Marriage Advice From A Christian Perspective

Costly Substitutes: The Price of Family Fragmentation

  • Chuck Colson BreakPoint
  • 2008 19 Apr
Costly Substitutes: The Price of Family Fragmentation

The Institute for American Values and the Georgia Family Council have just released a sobering study titled "The Taxpayer Cost of Divorce and Unwed Childbearing." The study notes that while the debate on marriage usually focuses on its social, moral, and religious qualities, marriage is also an "economic institution." It is a "powerful creator of human and social capital."

In other words, healthy marriages produce the kind of people who are better able to take care of themselves and their families.
Unfortunately, as the report documents, there are fewer healthy marriages in America now than there were 25 years ago. Between 1970 and 2005, the percentage of children being raised in two-parent families dropped from 85 to 68 percent.

The principal causes of this drop were the high divorce rate and the increase in the number of out-of-wedlock births. While the number of divorces has declined slightly in recent years, the percentage of children born to unmarried mothers has continued to grow.

As I said earlier, the costs of this family fragmentation are not limited to the children. As one expert wrote, "Divorce and unwed childbearing create substantial public costs, paid by taxpayers."

How much? A minimum of $112 billion a year. That is more than a $1 trillion a decade in "increased taxpayer expenditures for antipoverty, criminal justice . . . education programs," and lost tax revenues.

What is more, the "human and social capital" lost from family fragmentation has an economic impact that goes far beyond government expenditures.

Even if you set aside the social, cultural, and moral dimensions of marriage, it is clear that government has a vital interest in promoting healthy marriages. Even modest increases in the number of "stable marriages" could save taxpayers a lot of money.

Thus, the report recommends increased spending on "marriage-strengthening" programs, like the marriage-skills classes offered by the state of Oklahoma.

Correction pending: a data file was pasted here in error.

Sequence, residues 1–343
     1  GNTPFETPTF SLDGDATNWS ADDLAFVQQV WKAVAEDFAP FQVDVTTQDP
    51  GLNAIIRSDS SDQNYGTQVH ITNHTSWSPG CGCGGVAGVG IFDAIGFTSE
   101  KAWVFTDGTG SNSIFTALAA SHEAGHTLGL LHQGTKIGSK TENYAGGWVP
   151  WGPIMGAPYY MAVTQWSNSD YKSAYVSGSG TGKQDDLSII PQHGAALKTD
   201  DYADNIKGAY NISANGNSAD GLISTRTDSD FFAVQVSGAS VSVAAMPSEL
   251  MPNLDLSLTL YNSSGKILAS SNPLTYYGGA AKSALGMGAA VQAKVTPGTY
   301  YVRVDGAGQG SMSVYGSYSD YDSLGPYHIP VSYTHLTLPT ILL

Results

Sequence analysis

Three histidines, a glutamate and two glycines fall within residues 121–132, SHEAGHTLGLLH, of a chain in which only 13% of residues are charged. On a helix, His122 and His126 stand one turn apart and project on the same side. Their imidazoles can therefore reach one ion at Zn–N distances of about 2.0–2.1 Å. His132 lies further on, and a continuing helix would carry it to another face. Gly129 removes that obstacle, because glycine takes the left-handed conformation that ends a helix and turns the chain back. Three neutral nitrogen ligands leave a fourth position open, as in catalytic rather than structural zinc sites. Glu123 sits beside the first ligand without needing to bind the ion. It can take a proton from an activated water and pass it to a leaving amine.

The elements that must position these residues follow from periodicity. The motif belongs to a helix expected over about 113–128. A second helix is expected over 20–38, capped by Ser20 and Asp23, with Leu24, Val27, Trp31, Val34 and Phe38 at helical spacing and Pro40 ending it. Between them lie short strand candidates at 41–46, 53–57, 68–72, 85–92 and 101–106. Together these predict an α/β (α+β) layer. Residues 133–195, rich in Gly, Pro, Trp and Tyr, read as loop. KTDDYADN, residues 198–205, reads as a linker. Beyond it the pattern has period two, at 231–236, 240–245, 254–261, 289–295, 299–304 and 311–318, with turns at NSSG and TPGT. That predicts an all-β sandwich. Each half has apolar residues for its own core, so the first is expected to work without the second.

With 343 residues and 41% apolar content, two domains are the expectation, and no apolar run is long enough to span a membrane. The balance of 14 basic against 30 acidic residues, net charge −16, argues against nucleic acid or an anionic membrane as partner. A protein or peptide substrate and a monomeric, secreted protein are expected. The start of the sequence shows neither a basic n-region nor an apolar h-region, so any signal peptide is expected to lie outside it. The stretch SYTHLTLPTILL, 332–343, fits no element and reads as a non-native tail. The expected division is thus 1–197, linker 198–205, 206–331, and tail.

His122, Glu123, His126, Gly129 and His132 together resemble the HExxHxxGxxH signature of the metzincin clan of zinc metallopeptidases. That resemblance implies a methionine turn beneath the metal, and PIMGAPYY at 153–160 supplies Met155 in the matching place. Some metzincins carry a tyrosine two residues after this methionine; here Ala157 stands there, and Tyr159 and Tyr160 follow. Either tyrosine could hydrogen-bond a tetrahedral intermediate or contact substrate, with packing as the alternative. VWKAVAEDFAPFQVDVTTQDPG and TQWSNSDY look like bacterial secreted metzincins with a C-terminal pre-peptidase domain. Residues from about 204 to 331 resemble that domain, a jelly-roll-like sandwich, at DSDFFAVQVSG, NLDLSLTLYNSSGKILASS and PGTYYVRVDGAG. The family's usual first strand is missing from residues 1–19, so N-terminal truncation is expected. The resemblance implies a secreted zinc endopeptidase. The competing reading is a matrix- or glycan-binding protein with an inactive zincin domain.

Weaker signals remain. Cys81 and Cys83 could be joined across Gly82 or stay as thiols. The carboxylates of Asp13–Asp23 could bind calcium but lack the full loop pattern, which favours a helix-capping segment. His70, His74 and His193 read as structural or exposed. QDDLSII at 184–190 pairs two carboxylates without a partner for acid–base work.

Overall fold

The release of the report coincides with Pope Benedict's visit to Washington and his meeting with President Bush. The subject of marriage in America is expected to be on their agenda.

I will not presume to speak for the Pope or the president, but I think that they would agree that the most important thing government can do to fight family fragmentation is to stop promoting marriage substitutes.

What I told "BreakPoint" listeners about Britain is also true of the United States. In both instances, a decline in marriage and an increase in family fragmentation coincided with the introduction of legally sanctioned substitutes for traditional marriage (like civil unions and, now, same-sex marriages).

The Pope has called these substitutes "dangerous and counterproductive as they inevitably weaken and destabilize the legitimate family based on matrimony."

Even the best "marriage-strengthening" program can not compete with the message "marriage doesn't matter." That is why, if you want to make a dent in the social and economic costs of family fragmentation, the first order of business is to promote and strengthen traditional marriage and accept no substitutes!

Copyright © 2008 Prison Fellowship

BreakPoint is a daily commentary on news and trends from a Christian perspective. Heard on more than 1000 radio outlets nationwide, BreakPoint transcripts are also available on the  Internet. BreakPoint is a production of The Wilberforce Forum, a division of Prison Fellowship: 1856 Old Reston Avenue, Reston, VA 20190.